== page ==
The Mother Church of Trumbull

Week of 12/16/2018

Today, John the Baptist intensely exhorts all to prepare for the physical presence  of God in the Flesh. To understand comportment in the presence of God, let’s review Biblical precedent.  Because of their catastrophic Original Sin, Adam and Eve actually hid from God, knowing their unworthiness. When Moses saw the burning bush, he fell prostrate and was commanded to remove his shoes.  When Isaiah has a vision of the throne of God he is terrified, and an angel applies a burning coal to cleanse his lips.  St. Paul writes to the Philippians: at the name of Jesus every knee must bend.  Hence, the immediate presence of God demands incredible reverence or awe, which is a gift of the Holy Spirit.

In Catholicism, we have a reality that no other religion has, the physical presence of God in the Holy Eucharist.  This should leave us awestruck!  Again, should we enter Buckingham Palace to dine with the Queen; we would want to know proper protocol.  No one would question the palace guard in determining proper comportment and wear.  The Mass is a far more grave and colossal privilege than going to Buckingham Palace, because it is the Ultimate Palace, the Veritable Castle of the King of the universe.  In terms of wear, the Church exhorts for good taste and reverent dress.

A second point is the actual reception of Holy Communion.  This is a moment of enormous magni­tude, which we must teach children repeatedly. Years ago the tradition was to kneel at the altar rail and only receive on the tongue.  Why?  First, to magnify in our human minds the stunning reality of receiving Christ in the Flesh, and to establish a posture reserved only for Jesus Christ, King of Kings.  One’s bodily posture imbued one with a sense of the incredible transcendence taking place.  Since the 1970’s, the US Catholic bishop’s conference has allowed the norm to become to stand before receiving Eucharist.  But, one must make a concrete act of reverence just prior to receiving, such as a genuflection or distinct bow before the Lord.  For practicality, we ask such an act take place while the person in front of you receives, so as to facilitate the movement of the line.

This comes to mind as the diocese has prepared updated norms for the distribution of Holy Commun­ion at Mass by the laity.  We are very grateful to our lectors and Extraordinary Ministers for their kind­ness in assisting at Mass.  A central theme of the norms is the absolute reverence due to God in the Eucharist.  Please remember in receiving, one can never receive in one hand, or have an object, even a rosary, in the other hand. The most efficient way to receive is on the tongue.  But if in the hand, it must be a throne of one hand on top of the other, and immediately consumed in front of the priest.  Unwashed hands?  Receive on the tongue.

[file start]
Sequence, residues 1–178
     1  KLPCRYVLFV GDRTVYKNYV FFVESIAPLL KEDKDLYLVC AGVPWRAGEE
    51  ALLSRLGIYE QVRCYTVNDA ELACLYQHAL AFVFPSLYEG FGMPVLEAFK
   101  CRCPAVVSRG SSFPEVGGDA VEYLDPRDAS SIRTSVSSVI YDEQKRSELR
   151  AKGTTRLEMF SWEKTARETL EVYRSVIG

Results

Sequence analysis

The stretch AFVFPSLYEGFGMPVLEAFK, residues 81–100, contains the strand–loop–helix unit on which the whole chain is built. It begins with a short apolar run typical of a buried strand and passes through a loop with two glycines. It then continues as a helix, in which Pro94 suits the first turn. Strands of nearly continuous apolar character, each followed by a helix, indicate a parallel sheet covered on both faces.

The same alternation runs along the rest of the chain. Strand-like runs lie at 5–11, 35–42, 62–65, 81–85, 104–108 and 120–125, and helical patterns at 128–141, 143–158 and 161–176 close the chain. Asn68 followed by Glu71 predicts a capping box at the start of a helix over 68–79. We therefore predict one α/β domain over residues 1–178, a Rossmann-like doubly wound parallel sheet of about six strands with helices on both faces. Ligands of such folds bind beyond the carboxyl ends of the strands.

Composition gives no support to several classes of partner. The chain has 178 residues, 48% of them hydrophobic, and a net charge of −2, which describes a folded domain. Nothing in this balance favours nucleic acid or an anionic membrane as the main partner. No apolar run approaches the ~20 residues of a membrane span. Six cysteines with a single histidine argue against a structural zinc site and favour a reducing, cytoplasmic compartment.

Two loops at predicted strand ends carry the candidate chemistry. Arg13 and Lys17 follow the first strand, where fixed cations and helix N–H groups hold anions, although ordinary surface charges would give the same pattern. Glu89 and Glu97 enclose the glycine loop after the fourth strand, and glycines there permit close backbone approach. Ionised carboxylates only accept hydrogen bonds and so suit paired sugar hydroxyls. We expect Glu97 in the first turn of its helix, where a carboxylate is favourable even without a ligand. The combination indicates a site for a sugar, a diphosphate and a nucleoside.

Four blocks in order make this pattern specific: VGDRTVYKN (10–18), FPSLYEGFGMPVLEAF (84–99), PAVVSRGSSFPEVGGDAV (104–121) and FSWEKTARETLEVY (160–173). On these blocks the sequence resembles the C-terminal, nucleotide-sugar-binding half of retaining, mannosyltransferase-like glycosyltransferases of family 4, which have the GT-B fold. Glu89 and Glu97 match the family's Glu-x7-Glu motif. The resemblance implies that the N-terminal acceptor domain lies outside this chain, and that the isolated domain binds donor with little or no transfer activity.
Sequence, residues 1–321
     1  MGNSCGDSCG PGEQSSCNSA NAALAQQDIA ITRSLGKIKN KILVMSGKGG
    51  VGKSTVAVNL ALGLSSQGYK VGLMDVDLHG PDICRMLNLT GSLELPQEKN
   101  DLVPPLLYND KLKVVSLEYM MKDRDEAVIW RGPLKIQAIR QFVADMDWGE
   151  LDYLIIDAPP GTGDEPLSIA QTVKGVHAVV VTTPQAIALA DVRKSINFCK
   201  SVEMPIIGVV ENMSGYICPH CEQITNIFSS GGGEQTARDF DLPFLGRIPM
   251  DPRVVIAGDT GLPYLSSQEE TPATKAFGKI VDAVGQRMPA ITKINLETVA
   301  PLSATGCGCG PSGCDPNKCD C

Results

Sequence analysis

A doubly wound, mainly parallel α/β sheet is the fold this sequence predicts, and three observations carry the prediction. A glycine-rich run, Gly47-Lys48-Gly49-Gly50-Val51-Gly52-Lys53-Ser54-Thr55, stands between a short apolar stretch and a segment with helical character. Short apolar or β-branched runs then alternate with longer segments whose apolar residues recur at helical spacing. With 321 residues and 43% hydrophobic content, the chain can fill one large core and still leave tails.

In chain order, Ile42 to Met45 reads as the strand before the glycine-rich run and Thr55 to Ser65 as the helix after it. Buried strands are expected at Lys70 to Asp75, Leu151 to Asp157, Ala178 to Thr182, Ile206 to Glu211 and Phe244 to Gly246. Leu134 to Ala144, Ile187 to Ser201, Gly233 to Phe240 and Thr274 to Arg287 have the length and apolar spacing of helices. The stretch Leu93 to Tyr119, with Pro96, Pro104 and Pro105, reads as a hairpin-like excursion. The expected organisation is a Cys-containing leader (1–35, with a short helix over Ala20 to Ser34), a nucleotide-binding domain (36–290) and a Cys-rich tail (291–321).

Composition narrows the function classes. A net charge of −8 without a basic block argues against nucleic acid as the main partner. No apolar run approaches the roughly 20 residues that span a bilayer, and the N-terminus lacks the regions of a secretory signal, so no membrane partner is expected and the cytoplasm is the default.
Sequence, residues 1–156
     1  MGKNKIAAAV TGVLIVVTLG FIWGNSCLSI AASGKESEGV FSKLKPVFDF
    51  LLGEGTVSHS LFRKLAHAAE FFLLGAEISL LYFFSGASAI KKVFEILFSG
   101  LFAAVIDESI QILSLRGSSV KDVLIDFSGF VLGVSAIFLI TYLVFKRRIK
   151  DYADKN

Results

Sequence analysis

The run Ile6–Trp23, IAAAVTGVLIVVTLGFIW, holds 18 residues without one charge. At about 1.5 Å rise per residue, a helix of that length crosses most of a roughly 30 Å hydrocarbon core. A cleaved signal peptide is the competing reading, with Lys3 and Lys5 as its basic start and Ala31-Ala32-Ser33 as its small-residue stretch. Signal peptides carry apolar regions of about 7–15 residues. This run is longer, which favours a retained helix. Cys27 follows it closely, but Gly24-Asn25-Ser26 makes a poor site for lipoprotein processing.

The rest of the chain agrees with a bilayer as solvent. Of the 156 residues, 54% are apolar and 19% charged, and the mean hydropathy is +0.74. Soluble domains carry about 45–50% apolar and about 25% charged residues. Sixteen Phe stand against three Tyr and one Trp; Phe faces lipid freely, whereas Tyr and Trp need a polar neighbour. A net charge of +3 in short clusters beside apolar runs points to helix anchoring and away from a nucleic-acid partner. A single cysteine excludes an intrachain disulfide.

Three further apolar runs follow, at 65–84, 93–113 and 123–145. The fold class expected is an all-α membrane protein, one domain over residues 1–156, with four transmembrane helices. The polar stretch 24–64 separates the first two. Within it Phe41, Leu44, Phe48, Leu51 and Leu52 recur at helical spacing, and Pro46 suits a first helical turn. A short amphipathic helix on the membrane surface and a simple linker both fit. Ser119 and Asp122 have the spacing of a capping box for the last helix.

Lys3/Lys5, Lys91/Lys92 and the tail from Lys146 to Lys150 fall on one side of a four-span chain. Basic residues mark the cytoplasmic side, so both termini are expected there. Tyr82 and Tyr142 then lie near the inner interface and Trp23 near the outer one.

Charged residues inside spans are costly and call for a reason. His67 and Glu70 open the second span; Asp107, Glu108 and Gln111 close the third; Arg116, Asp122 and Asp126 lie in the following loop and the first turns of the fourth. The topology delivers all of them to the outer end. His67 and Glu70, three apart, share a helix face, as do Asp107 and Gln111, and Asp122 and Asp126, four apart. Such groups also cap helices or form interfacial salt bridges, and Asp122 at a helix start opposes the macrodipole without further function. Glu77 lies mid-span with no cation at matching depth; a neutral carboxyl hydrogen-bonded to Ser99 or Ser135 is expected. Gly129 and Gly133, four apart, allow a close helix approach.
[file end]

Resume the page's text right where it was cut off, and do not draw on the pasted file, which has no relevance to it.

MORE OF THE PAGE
Several years ago I was asked by several people if they could kneel at the altar rail for Eucharist.  I immediately replied “yes,” as this is extolled in specific instruction from the Popes. We do see in fact the Church recoiling from past abuses; at papal masses at St. Peter’s Communion to the general crowd was permitted on the hand, but then changed to the tongue only; due to people trying to pass Holy Communion from one person to the next, which is explicitly forbidden.  So if one is wondering, can I kneel at the altar rail for Sunday or daily Mass, yes, there is explicit Vatican approval.  The practical spirituality of such an action is that one is motionless, kneeling in adoration, with eyes to­wards the Cross.  Meditation is engendered, and fewer distractions prevail.  Plus, the Eucharist is consumed right at the rail, which removes the possibility of unwittingly walking away while handling the Eucharist.

We must always recollect how Moses and others approached God.  Adam and Eve through original sin lost access to the Tree of Life.   Access is regained for us by Our Lord’s sacrifice and by being in a state of grace.  The Holy Eucharist is the fruit of the new Tree of Life, the Cross; let us always approach with awe-struck reverence and love.

God love you,

Fr. Brian Gannon


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